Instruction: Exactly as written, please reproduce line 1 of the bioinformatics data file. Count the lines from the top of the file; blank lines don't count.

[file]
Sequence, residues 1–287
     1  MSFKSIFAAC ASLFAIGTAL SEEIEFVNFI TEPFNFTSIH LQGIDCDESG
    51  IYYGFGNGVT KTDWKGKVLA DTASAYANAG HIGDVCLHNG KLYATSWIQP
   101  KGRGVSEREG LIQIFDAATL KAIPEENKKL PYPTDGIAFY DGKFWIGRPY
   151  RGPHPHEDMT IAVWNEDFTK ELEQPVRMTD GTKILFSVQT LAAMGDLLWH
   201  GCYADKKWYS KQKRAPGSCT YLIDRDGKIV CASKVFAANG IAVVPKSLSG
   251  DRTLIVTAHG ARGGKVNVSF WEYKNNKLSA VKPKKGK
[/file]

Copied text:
Sequence, residues 1–287